The "militant" CFMEU has been fined almost $100,000 for banning contractors from a Victorian building site because they hadn't paid their membership fees but a judge isn't confident the penalty will stop the union doing it again.
Union delegate Andrew Harisiou breached the Fair Work Act when he prevented two catering equipment company employees from working on a Werribee shopping centre expansion in August 2015, the Federal Court found on Monday.
The CFMEU was ordered to pay $90,000 and Harisiou $8000 after the men were banned because they weren’t union members or were behind on membership payments.
But Federal Court Justice Richard Tracey doubts whether any penalty will prevent the union from offending again.
He told the court the CFMEU had been penalised more than 120 times for breaching the Fair Work Act since 2000.
“Having regard to the history of offending by the CFMEU … it may be doubted that any penalty falling within the available range for contraventions of the kind presently under consideration would be ‘sufficiently high to deter repetition’,” Justice Tracey said.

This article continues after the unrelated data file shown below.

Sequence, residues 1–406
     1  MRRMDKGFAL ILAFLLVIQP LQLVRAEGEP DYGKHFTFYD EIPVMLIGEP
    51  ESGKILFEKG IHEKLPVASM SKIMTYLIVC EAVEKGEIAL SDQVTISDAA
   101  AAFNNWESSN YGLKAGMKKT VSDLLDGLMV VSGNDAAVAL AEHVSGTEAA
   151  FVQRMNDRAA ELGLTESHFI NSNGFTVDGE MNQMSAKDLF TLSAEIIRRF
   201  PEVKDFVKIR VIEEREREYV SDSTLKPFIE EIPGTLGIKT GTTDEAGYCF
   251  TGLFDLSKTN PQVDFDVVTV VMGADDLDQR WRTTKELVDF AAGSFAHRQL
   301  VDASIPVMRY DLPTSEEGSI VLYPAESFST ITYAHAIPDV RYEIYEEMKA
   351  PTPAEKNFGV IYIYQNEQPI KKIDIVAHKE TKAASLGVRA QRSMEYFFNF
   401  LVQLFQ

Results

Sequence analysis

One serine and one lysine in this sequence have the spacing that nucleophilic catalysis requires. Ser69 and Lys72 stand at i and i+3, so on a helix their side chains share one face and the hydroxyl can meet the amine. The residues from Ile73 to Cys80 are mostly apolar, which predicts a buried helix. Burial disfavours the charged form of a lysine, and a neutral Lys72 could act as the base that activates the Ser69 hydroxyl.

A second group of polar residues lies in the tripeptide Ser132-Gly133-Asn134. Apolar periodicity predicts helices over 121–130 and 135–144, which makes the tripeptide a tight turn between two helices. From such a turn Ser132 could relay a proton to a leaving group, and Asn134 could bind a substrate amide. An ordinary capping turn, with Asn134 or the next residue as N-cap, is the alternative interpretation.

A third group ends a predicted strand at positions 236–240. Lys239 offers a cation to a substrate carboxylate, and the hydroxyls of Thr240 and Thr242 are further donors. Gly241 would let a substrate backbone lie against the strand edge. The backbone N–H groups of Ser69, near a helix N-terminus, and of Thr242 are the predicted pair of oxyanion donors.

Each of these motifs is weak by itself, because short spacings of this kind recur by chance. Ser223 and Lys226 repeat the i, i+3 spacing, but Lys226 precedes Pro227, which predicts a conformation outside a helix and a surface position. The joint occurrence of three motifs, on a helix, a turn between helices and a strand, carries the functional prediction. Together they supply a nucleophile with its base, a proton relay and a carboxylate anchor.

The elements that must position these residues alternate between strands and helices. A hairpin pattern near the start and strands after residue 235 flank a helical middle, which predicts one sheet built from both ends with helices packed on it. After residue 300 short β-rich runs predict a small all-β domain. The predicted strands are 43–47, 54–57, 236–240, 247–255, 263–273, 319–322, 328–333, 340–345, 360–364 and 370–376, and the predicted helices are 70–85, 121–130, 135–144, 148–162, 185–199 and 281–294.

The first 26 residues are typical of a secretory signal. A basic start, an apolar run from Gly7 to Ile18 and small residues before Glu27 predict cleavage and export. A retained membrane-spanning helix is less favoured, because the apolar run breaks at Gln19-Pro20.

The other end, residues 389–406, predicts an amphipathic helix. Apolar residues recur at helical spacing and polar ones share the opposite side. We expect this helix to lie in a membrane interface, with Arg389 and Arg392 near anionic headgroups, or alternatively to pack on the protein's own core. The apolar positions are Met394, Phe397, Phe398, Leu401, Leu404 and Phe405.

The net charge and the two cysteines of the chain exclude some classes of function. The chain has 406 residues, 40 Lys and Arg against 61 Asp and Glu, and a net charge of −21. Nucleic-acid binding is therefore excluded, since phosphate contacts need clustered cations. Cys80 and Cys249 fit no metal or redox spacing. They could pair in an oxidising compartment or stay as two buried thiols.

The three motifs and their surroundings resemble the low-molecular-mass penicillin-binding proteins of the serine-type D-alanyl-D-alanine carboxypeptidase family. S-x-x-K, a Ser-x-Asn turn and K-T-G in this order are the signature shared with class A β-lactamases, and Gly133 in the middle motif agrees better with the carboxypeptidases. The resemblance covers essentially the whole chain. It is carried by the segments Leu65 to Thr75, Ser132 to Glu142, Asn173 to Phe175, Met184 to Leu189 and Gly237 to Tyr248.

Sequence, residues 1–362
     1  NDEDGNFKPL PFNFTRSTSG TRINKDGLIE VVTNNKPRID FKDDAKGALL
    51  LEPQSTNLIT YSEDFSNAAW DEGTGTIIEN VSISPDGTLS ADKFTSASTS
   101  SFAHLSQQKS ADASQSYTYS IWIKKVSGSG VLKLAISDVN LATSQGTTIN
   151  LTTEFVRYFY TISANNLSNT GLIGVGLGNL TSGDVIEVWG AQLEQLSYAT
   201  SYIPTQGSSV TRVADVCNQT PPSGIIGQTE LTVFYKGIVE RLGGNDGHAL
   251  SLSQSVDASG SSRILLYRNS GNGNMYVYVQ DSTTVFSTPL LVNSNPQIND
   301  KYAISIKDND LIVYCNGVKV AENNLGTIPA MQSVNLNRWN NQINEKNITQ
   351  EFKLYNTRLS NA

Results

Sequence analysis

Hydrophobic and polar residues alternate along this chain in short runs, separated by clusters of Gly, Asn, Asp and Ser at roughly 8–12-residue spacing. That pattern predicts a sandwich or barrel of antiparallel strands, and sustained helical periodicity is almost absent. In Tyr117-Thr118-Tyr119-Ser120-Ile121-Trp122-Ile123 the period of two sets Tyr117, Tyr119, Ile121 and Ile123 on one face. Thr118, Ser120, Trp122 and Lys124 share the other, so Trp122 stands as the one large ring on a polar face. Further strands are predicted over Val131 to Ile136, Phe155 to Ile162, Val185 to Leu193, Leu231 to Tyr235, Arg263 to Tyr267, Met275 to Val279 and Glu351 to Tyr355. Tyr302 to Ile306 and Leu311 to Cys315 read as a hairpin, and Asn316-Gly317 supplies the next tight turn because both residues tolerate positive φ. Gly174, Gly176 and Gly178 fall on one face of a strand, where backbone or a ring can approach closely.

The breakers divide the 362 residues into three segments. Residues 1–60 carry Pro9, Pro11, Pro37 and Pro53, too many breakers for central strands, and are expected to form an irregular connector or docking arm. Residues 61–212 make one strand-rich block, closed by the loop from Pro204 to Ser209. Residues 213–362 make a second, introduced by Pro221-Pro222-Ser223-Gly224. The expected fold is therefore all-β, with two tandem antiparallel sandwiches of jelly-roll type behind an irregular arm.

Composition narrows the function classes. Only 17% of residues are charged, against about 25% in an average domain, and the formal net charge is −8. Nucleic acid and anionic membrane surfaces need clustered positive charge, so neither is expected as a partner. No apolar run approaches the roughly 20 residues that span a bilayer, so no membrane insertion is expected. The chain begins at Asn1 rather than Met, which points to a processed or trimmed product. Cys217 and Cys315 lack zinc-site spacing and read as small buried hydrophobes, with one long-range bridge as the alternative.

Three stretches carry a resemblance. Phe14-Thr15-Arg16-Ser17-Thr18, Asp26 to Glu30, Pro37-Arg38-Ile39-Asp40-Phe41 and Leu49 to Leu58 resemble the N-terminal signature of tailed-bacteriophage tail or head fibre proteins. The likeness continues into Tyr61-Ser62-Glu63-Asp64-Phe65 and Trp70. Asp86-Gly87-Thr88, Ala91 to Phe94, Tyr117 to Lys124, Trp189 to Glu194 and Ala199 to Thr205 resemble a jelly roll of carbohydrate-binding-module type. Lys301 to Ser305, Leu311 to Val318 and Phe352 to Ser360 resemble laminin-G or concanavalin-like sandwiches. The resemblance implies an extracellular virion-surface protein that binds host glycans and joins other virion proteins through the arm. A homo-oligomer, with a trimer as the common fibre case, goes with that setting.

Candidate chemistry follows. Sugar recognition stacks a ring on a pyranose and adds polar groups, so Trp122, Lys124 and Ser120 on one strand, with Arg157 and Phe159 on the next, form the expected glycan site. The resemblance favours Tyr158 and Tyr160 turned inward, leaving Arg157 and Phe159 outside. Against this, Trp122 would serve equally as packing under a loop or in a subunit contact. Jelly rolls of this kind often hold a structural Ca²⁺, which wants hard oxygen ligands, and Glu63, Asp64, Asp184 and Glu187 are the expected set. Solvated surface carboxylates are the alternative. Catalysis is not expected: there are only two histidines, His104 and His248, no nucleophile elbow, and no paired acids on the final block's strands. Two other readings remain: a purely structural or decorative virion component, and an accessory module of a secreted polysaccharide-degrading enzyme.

According to agreed facts tendered in court, Harisiou told two Action Commercial Catering Equipment employees words to the effect of “you can’t get on site … if you’re not financial, you’re not getting on the site”.
“If you’re not part of the union, you’re not allowed on this site,” Harisiou also said.
Federal Employment Minister Michaelia Cash said the “militant, corrupt” union would continue to deliberately break the law unless penalties are raised.
“Justice Tracey is the second judge in two weeks to express concern that penalties that can be imposed by the courts are too small to act as a deterrent,” Ms Cash said in a statement.
The Australian Building and Construction Commission said no one has the right to impede on a worker’s rights.
“This is a reminder to employers and union delegates alike that every worker has a right to choose whether or not they want to join a union,” Acting ABCC Commissioner Cathy Cato said.
One of the men booted from the site was later allowed to return after paying the union more than $150, court documents said.
Justice Tracey labelled Harisiou’s conduct “deliberate and wilful”.
“He arrogated to himself the right to determine who would and would not be permitted to work on the site,” the judge said.
“In doing so he undermined provisions of the Act which were designed to ensure that workers enjoyed freedom of association in the workplace.”